Health Care Reform

Providing affordable, patient-centered access to all three levels of prevention

Reforming our health care system…

Chronic conditions represent the highest cost of health care dollars with the greatest potential of preventability

Society today relates to chronic illness through a siloed filter. Treatments and reimbursements are disease-specific, implying there are no strategic commonalities. This exclusionary filter extends to relationships between policy, provider and disease-specific consumer organizations. In reality, there are macro issues that all of these organizations (and their constituencies) have in common. Few organizations are large enough to affect change at the macro level; legislation, regulation and business practice. Thus, until recently, each organization operated on its own, without the potential for a support network.

The California Chronic Care Coalition’s (CCCC) value lies in its members’ diverse perspectives of chronic illness, harnessing their commonalities to affect policy change, at the social and legislative levels including state and federal policy.

Providing affordable, patient-centered access to all three levels of prevention is cost-effective over the course of the disease or condition by reducing or eliminating unnecessary hospitalizations, improving medication management, surgery, physician visits, nursing home placement. When prevention is not affordable, patients will forego necessary testing, prescriptions, or medical visits and their medical conditions will ultimately worsen. Structural incentives and design of the current health care system are not well-suited for prevention and management of chronic conditions. We can do better.

The CCCC proposes restructuring health care systems to:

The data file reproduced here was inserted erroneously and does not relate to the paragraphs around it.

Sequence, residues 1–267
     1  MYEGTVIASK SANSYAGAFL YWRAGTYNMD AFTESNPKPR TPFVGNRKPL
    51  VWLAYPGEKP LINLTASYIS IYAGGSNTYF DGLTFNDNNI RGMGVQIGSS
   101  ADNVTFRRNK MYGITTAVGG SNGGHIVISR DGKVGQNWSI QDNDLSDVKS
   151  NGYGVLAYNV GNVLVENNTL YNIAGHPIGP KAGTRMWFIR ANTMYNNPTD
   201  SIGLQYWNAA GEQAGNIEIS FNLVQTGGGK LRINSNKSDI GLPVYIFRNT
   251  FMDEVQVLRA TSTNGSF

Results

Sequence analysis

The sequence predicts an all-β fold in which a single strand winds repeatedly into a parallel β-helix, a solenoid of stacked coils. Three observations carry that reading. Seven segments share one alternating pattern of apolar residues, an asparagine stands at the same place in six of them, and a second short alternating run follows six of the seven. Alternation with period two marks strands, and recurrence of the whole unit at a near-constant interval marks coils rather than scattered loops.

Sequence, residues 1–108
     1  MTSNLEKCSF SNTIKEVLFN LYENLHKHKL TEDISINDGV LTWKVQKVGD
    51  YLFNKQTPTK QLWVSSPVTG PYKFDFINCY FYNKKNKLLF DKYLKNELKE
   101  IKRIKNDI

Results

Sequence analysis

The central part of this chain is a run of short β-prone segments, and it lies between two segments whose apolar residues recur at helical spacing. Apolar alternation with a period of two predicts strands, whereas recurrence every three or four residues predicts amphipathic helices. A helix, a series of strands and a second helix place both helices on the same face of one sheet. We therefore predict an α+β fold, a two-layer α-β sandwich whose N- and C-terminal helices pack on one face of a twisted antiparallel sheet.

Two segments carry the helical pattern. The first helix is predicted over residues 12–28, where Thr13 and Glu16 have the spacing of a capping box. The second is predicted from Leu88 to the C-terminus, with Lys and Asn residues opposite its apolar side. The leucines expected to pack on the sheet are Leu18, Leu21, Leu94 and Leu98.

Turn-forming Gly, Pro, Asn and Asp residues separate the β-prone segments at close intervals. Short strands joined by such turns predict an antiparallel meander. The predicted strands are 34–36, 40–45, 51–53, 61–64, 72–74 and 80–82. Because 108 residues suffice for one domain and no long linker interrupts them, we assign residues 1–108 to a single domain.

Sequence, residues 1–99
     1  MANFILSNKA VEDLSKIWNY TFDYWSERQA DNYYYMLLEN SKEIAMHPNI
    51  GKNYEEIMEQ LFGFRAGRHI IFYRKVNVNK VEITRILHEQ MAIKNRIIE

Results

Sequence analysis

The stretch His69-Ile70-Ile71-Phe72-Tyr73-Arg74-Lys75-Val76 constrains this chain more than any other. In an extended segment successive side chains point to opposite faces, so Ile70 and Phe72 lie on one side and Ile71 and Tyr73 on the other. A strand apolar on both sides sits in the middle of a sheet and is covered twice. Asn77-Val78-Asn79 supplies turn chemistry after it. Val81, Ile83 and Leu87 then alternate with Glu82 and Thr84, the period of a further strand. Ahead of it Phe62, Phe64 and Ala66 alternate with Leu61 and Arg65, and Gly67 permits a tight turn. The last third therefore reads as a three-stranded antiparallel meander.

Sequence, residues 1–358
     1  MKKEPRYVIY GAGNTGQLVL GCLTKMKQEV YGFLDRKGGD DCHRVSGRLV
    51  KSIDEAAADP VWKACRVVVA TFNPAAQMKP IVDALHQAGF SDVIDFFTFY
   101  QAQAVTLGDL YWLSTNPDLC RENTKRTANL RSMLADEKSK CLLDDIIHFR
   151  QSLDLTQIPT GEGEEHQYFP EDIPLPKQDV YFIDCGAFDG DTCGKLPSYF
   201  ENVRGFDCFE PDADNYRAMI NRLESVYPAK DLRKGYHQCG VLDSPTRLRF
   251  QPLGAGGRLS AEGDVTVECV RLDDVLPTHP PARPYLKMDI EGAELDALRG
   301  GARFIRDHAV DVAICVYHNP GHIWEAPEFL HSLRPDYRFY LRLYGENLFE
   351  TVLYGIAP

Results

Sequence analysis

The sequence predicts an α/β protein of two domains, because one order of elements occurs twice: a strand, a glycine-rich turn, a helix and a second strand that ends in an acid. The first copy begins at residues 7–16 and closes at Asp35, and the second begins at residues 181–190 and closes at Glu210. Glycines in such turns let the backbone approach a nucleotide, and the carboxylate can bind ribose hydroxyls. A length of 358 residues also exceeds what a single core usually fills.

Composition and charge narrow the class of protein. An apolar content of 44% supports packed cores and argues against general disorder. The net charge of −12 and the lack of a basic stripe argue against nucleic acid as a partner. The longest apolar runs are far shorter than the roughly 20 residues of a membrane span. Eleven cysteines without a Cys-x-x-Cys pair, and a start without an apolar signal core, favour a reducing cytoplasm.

1. Include in all benefit plan designs coverage for primary and preventive care services, including prescription drugs, combined with all levels that promote prevention for management of chronic conditions.
  2. Develop, with assistance of public/private and community partnerships, the promotion of wellness and chronic disease prevention, utilizing early intervention tools and management models incorporated throughout private and public health care systems.
  3. Promote a culture of health care productivity through the use of multi-disciplinary, primary care medical home models, medication therapy management, and patient-centered access to all three levels of prevention (primary, secondary, tertiary).
  4. Promotion of healthy lifestyles in workplaces, schools and communities by establishing a collaborative between business, health plans, faith-based, not-for-profit health organizations, consumer groups, education, including school health centers, government and other community entities to sustain changes in health behaviors.
  5. Include provisions to improve the quality and availability of health information technology (HIT) throughout the health care system.
  6. Ensure evaluation, education and coordination for the management of chronic conditions is included in all prevention and wellness programs.
  7. Take such other actions as may be necessary to ensure that all health plans, primary care providers and pharmacists are informed and incentivized to implement these recommendations.